With five beds and four doctors per 1,000 inhabitants, Argentina is one of the best-equipped countries in a region averaging 2.2 per 1,000 in both categories.
There are 8,000 beds in intensive care wards but only 70 percent are operational with an artificial respirator, a monitor and the medical and nursing staff to cover them, Rosa Reina, the president of the Argentine Society of Intensive Therapy, told AFP.
“When facing pandemics on this scale, nothing is enough,” warned Diego Tipping, the Red Cross director in Argentina. “Preventive action is the most important. That usually takes the form of a vaccine but since there is none [for Covid-19], it’s the social norm of isolation,” Tipping stressed.
In the eyes of the specialists, the early declaration of quarantine should help Argentina.
“My impression is that they got it right,” considered the immunologist Jorge Geffner, a professor at the University of Buenos Aires and a CONICET (national scientific research council) researcher.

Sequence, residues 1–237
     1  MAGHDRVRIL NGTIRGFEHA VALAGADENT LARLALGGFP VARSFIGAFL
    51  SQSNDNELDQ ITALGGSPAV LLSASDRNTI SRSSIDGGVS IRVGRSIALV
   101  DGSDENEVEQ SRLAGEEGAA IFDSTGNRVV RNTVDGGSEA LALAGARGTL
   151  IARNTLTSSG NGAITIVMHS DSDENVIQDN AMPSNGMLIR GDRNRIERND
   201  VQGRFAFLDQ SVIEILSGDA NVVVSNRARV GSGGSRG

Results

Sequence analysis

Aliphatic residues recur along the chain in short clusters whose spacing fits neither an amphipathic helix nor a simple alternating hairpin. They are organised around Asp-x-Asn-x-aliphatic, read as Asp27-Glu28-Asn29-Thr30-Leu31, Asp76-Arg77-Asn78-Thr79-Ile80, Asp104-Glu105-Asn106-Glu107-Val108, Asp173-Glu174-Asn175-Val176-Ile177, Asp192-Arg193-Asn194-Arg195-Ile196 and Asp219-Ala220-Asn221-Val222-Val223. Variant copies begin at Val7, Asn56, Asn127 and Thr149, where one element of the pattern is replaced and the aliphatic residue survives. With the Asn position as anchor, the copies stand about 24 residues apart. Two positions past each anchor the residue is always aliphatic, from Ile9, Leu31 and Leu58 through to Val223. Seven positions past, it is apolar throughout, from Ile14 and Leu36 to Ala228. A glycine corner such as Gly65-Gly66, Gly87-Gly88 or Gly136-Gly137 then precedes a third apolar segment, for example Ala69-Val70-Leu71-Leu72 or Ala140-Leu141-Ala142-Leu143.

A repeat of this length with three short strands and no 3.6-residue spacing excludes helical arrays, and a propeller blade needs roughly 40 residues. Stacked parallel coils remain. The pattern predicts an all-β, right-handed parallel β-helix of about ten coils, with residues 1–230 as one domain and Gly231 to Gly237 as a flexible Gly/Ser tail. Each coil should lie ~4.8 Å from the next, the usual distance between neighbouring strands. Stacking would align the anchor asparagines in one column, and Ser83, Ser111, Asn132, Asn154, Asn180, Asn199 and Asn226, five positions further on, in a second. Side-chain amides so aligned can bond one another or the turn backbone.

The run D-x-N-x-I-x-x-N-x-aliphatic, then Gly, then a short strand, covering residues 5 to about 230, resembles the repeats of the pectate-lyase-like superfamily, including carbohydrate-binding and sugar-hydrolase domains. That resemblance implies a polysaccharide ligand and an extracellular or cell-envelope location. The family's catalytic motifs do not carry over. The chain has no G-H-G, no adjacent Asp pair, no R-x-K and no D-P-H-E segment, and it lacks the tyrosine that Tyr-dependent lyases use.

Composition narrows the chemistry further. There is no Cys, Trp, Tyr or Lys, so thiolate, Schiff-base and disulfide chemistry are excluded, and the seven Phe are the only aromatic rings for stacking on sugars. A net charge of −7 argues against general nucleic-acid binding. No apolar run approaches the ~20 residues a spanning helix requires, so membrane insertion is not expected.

“With very few cases detected [56 with two deaths at the time] classes were suspended [on March 16], with total isolation declared almost at once [on March 20] when the infected had climbed to 128 with three deaths. I think we were much more timely than other countries in facing up to the problem,” he stressed.
Geffner nevertheless highlights the need to decentralise testing, a process already underway.
Reina points out that confinement will not make the infection go away “because the dissemination and contagion continue. But at least it will slow down the inflow into hospitals, giving us time to organise and attend them.”
Meanwhile, the government has started testing treatments also being tried out elsewhere in the world like administering the anti-malaria drug chloroquine. Health Minister Ginés González García has declared that until now the results have been “mildly positive.”
But Geffner assures that “this will end because a vaccine will be found. The whole world is working for one. There’s a horizon for a solution.”